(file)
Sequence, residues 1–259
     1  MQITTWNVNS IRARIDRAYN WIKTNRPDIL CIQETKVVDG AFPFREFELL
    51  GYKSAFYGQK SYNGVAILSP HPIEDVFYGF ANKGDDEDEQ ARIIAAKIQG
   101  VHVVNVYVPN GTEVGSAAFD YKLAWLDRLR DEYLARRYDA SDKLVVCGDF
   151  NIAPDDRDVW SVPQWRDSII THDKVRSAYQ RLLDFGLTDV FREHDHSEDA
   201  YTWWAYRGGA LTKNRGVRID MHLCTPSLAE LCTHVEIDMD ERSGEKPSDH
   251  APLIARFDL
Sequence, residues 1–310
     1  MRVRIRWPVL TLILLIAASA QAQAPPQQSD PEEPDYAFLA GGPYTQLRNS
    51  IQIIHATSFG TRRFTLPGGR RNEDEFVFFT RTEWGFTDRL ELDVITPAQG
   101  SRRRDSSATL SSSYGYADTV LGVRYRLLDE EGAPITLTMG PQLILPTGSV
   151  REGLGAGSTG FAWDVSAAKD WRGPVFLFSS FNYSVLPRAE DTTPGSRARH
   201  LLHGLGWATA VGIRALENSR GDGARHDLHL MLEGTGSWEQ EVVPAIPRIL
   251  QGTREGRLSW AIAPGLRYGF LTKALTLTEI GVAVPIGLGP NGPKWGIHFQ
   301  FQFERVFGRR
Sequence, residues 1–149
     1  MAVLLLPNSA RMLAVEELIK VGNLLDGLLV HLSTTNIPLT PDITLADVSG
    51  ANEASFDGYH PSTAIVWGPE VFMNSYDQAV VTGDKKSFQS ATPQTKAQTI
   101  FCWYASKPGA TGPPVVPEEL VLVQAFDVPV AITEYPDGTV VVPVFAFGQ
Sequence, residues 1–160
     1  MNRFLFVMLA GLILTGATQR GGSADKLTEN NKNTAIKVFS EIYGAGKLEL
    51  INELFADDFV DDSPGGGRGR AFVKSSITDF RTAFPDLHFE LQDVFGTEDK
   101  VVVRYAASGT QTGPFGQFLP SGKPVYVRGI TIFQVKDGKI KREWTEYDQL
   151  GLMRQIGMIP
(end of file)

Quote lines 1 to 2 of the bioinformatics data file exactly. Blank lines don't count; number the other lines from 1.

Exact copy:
Sequence, residues 1–259
     1  MQITTWNVNS IRARIDRAYN WIKTNRPDIL CIQETKVVDG AFPFREFELL